mfERG response dynamics of the aging retina

Christina Gerth, Erich E. Sutter, John S Werner

Research output: Contribution to journalArticle

22 Scopus citations

Abstract

PURPOSE. To determine age-related changes in retinal response dynamics derived from multifocal electroretinograms (mfERGs). METHODS. MfERG data were obtained from 70 subjects with normal phakic eyes, age 9 to 80 years. Whereas the first- and higher-order kernels resulting from the mfERG contain detailed information regarding the nonlinear response dynamics of the retina, they do not lend themselves directly to an easy and intuitive interpretation. To achieve a better appreciation of fast adaptive mechanisms and their changes with aging, regional averages of the kernel series were translated at different retinal eccentricities (0°-5°, 5°-15°, and 15°-25°) into responses generated in different contexts. Specifically, the effect of aging on responses to stimuli presented in isolation was compared with the effect on responses adapted by preceding stimuli ("forward" effect). The interference of the immediately following stimuli with the response generation ("backward effect") was also considered. RESULTS. Age-related changes were found in the isolated flash response as well as in the backward and forward interactions between consecutive flash responses. Larger fractional changes with age were found in response density than in implicit time, and the rate of change with age was larger for responses to isolated flashes than for responses adapted by preceding flashes. CONCLUSIONS. Senescent changes in the isolated flash response and in consecutive flash interactions derived from the binary kernel series indicate an aging process at an early stage in the visual system. Mechanisms of retinal adaptation may partially compensate for age-related reductions in the isolated flash response.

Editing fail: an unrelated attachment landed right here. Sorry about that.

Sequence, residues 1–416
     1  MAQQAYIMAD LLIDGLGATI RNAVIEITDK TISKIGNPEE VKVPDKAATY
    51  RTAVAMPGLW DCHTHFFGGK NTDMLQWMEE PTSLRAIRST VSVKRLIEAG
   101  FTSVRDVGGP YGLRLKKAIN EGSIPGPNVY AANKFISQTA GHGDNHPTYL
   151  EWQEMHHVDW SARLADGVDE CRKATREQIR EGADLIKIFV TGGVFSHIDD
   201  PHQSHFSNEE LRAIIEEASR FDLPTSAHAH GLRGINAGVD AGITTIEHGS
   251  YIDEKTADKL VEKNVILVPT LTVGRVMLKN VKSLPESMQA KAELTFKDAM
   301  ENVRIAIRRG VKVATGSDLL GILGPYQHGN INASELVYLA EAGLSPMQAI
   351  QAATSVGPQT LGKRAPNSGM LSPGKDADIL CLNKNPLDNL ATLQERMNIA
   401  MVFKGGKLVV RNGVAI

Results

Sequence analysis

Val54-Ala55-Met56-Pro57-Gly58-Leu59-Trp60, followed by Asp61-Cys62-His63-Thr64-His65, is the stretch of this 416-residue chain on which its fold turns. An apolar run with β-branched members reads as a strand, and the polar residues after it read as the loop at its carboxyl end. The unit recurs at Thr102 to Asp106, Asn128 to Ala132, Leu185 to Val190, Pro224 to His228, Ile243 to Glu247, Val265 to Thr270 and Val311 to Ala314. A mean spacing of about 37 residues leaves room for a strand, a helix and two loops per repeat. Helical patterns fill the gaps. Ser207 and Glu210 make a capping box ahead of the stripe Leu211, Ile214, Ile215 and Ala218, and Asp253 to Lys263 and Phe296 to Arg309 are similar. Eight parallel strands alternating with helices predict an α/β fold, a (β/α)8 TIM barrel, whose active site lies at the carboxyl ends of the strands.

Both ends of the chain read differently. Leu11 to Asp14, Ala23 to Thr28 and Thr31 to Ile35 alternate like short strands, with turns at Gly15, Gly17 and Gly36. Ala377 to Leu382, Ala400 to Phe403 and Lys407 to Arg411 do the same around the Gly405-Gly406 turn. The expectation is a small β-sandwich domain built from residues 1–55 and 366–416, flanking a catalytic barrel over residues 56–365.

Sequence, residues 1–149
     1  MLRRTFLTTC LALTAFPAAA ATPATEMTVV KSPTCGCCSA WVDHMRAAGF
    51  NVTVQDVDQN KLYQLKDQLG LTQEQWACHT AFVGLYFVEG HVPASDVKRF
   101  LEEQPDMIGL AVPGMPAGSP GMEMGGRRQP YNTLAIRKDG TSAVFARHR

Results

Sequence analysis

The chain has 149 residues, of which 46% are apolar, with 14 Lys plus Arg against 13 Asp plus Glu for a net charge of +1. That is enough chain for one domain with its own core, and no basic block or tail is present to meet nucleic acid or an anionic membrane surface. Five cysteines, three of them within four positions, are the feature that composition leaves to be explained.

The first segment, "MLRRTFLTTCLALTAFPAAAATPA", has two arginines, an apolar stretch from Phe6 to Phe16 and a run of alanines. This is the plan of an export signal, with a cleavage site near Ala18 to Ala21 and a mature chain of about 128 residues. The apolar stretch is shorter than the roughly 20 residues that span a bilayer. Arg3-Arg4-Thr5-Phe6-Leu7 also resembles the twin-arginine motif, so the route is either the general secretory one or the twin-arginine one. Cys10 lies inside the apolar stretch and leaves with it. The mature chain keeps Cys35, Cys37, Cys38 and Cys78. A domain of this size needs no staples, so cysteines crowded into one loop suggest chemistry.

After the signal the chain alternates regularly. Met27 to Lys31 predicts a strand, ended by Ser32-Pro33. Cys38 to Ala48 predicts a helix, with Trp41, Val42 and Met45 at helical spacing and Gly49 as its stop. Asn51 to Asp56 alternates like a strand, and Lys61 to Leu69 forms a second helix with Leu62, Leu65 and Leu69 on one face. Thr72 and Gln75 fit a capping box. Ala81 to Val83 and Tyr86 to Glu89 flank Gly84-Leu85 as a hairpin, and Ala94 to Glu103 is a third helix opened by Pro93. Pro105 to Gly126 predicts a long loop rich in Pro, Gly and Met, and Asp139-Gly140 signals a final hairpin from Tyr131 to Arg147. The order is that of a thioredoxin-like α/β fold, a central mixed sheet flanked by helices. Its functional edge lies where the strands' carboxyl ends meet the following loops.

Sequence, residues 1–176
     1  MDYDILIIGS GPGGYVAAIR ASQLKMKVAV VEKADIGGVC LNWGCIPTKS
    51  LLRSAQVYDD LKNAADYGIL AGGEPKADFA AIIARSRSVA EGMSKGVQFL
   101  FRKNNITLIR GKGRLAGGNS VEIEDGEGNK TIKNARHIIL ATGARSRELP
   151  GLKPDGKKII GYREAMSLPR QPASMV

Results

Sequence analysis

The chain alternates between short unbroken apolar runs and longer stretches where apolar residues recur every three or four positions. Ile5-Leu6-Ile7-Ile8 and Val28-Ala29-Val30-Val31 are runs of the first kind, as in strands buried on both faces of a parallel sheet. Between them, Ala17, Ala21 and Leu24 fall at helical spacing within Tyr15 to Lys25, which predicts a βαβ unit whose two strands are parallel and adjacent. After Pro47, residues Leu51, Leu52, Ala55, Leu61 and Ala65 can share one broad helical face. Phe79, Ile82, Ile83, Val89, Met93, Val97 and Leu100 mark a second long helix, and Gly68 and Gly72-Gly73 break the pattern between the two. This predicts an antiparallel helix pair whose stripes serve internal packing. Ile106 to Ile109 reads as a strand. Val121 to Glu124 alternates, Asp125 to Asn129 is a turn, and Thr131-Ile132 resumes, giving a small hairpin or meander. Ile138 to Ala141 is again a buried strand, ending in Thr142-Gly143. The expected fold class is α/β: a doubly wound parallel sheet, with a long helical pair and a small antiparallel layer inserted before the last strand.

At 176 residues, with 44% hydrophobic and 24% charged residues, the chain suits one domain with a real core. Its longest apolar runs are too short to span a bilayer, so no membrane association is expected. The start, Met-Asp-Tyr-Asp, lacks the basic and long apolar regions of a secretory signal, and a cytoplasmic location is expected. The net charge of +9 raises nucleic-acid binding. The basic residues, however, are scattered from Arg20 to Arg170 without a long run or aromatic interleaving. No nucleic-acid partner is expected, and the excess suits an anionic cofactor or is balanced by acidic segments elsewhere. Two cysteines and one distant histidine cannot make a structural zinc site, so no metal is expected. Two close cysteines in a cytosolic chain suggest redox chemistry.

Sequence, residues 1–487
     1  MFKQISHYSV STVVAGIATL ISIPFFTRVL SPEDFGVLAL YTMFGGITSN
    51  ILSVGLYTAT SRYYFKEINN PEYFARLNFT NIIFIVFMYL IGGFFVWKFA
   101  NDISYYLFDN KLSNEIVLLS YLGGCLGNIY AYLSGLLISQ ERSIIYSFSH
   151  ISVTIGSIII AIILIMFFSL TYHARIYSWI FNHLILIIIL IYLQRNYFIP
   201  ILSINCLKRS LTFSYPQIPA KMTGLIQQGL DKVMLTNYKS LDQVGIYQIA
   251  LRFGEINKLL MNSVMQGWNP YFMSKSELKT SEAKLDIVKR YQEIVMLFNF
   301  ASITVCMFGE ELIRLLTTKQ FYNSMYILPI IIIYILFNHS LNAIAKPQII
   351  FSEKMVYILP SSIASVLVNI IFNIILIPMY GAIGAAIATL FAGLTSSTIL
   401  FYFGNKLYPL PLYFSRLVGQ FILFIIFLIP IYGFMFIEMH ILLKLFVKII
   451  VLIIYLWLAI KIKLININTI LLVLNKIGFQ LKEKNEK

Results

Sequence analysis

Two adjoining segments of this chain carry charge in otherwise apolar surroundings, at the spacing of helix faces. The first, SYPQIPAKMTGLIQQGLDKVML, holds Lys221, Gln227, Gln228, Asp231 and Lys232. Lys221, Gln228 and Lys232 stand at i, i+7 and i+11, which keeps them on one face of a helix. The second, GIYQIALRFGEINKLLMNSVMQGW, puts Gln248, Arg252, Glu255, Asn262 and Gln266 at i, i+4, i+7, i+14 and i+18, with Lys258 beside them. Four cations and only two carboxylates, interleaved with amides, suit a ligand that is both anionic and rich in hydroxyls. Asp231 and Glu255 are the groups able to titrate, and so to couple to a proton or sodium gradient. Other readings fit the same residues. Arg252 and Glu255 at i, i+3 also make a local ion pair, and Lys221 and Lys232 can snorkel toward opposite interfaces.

Original languageEnglish (US)
Pages (from-to)4443-4450
Number of pages8
JournalInvestigative Ophthalmology and Visual Science
Volume44
Issue number10
DOIs
StatePublished - Oct 1 2003

ASJC Scopus subject areas

  • Ophthalmology

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